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Chasing adventure & living mindfully while parenting through mental illness

DBT Skills For Parents: Painful Emotions

DBT Skills For Parents: Painful Emotions


I posted a while back about Opposite To Emotion Action. I probably jumped the gun, but I was so excited to share that skill. So I am going to back it up and share some information about sitting in painful emotions. 

Of all the skills I learned in my year of DBT therapy, Emotion Regulation skills had the biggest impact on me. Emotion Regulation skills were the perfect tools to unravel the big feelings I had. They taught me to associate physical feelings with certain emotions. They taught me that emotions are temporary, even the most painful ones.

I am an empath; I feel other people’s emotions deeply and often painfully. This takes me a lot of courage to admit because it feels narcissistic to say. Being an empath, however, does not give me license to center my emotions over others’; it does not give me the right to guilt others for their emotions; and it does not give me permission to lose control of myself. I have to work harder, and that is my responsibility. DBT taught me how to do that work. 


Emotion Basics

Emotions have a basis in both biology and cognition (or interpretation). They cause physical changes AND changes in thinking and motivation. For example, if you feel scared, you get goosebumps or your heart starts pumping faster. These are biological changes. But you also think differently. Your attention narrows. You focus on thoughts about being hurt. You think about fleeing the situation. Or you can freeze up entirely. Check out this diagram from DBT Skills Training: Handouts and Worksheets, Second Edition. 



Emotion Cycle

It's a complex diagram, but basically the biological changes, expression, and interpretation of your emotion feed each other, and those things are affected by prompting events, pre-existing vulnerabilities, and secondary emotions. If you disrupt the cycle at the any point, you can slow down the cycle of painful emotion.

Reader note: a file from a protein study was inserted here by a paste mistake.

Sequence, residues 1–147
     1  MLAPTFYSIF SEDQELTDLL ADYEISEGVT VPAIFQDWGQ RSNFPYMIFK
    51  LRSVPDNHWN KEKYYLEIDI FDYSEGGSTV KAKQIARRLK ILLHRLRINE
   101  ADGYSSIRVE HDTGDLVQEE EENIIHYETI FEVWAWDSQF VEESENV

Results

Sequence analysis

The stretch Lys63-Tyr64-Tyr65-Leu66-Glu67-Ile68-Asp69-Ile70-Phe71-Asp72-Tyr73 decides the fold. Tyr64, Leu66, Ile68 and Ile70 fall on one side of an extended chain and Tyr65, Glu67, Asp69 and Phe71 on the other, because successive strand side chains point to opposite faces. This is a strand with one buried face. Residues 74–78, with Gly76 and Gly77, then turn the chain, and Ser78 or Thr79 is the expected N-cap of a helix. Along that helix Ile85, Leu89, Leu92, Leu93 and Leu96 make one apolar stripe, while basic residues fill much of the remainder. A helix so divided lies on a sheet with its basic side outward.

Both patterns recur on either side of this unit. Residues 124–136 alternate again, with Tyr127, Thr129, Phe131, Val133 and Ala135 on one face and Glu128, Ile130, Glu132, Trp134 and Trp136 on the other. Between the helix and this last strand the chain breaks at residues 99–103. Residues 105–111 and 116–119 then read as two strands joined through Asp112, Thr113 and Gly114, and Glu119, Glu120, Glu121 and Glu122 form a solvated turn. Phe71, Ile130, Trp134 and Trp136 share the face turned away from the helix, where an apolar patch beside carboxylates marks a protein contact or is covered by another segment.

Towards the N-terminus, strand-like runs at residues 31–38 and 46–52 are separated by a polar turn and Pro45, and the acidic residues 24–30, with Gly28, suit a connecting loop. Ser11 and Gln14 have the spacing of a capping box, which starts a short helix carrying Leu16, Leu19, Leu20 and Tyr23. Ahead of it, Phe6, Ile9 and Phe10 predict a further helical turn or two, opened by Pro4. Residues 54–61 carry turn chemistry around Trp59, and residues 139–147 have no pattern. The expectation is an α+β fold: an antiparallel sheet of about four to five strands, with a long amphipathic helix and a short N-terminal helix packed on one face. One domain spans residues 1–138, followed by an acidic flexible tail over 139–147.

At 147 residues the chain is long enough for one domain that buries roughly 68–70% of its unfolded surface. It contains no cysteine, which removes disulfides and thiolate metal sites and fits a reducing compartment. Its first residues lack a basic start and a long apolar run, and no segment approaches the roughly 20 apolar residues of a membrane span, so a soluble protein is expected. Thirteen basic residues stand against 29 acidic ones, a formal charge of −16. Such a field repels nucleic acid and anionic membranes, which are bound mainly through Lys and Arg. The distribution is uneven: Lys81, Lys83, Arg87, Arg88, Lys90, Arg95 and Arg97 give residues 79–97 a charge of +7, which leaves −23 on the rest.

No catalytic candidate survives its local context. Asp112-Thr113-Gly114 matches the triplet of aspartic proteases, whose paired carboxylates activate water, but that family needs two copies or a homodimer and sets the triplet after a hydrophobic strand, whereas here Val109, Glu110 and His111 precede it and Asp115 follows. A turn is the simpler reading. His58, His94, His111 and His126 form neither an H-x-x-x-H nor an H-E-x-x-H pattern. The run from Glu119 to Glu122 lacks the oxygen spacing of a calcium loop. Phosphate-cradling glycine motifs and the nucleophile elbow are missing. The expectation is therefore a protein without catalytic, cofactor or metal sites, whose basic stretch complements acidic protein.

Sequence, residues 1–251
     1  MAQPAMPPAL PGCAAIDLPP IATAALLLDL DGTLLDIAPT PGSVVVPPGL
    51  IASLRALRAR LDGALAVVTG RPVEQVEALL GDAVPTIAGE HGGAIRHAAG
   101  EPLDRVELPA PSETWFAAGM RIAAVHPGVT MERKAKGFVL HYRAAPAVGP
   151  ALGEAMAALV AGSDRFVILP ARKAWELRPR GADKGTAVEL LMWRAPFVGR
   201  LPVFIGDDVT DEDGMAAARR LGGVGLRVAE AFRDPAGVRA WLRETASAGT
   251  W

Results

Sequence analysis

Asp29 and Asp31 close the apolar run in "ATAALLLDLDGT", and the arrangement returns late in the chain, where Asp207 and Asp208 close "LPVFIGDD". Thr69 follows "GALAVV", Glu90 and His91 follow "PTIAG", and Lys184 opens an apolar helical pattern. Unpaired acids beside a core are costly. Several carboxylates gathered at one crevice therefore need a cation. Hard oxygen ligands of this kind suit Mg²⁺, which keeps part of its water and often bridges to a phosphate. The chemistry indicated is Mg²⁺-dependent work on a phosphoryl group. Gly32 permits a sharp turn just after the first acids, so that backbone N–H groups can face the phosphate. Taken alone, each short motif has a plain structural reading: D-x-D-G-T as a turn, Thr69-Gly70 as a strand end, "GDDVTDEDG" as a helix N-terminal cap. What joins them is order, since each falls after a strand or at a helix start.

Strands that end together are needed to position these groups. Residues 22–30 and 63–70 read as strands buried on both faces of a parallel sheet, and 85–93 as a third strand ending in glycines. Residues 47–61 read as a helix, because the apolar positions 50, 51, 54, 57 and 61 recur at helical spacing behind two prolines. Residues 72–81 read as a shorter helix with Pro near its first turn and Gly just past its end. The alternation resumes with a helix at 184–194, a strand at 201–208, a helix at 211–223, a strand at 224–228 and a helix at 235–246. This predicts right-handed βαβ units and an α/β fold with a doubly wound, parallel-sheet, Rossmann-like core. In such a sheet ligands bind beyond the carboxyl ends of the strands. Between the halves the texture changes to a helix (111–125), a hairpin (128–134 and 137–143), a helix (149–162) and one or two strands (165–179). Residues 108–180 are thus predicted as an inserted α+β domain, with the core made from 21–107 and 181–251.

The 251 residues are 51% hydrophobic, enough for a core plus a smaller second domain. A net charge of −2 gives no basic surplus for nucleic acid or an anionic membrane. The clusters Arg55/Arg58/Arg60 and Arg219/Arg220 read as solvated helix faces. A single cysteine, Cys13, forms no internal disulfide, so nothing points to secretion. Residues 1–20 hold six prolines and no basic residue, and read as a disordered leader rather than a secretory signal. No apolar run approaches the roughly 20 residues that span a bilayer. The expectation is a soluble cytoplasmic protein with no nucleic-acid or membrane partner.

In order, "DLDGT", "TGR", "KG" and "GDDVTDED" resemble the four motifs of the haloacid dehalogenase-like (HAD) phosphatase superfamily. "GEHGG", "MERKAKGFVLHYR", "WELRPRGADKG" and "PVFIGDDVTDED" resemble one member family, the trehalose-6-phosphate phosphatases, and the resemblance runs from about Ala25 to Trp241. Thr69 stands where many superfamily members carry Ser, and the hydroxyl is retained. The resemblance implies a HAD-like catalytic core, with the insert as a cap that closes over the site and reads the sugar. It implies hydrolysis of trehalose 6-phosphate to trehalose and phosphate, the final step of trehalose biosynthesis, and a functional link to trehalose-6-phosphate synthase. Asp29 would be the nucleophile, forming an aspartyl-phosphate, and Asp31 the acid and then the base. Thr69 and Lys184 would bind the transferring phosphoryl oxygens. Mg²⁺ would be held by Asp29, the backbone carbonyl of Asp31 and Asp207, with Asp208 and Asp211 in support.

Core painful emotions are 

  • anger 

  • disgust 

  • envy 

  • fear 

  • jealousy

  • sadness

  • guilt

  • shame

Each emotion causes specific biological changes and has effects on thinking and motivation. Learning this, and subsequently practicing mindfulness of my painful emotions, made me able to function as an empath. I could see which of my emotions made sense and were “mine” and which I was "getting" from other people.

A Note On Shame

Before I get into how to sit in difficult emotions, it's important to talk about shame. You feel shame when you have somehow gone against a societal value. It is different than guilt (when you go against your personal value). Shame is an important emotion for maintaining ordered society. But often we feel shame based on PERCIEVED societal values, or based on societal norms coded in racism, sexism, or ableism. 

It is not recommended to sit in shame. It is unhelpful and ineffective to sit and wallow in shame. Instead, we should practice opposite to the emotion and talk to a safe person about what makes us feel ashamed. Opposite action, in this case, is a far more effective method of resolving shame.

On to the emotions that we should take the time to sit with. 


Sitting In Painful Emotins

It is important to recognize and attend to painful emotions before we try to change them. Next time you have a painful emotion, try to slow down and get into Wise Mind. Then, try the following:

  • Notice your emotion as a wave, ebbing and flowing, getting higher, then lower

  • Notice where in your body you feel the emotion. Stay mindful of those sensations

  • Remember you are not your emotion (you don't have to act on it, and you haven't always felt this way) 

  • Radically accept your emotion

It helps to know some basics about what causes certain emotions. I also find it helpful to have a mantra for when I'm sitting in a painful emotion to keep myself focused on it. I've included those too. Here they are:

Anger 

Why: You have a goal blocked; you (or someone you love) is losing power/respect; things haven't gone as planned; or you're in pain. 

Mantra: Even without __________ I acknowledge my strength and power. 

Disgust 

Why: Seeing, smelling, or tasting something unclean; witnessing or hearing about someone violating societal values

Mantra: This too shall pass. 

Envy 

Why: Someone has something you really want or can't have

Mantra: My wants are just thoughts, and I don't have to act on them. 

Fear 

Why: Having (or perceiving that) your health or well-being are threatened. 

Mantra: Sometimes you have to get through your fear to get to the other side (yes, this is from The Good Dinosaur 😂) 

Jealousy

Why: An important relationship is, or seems to be, threatened by another person

Mantra: I highly value this relationship, and I do not have to act on my jealousy. 

Sadness 

Why: You've lost something; you have no power to change something; you are alone; things have not turned out how you expected. 

Mantra: It is okay not to be okay. 

Guilt 

Why: You have violated a personal value. 

Mantra: Even though I  __________, and I deeply and completely love and accept myself anyway. 

As parents we have to be able to sit in our uncomfortable emotions. We have to model tolerance of those emotions without acting on them. If we model this behavior, then our kids will eventually learn it too. 

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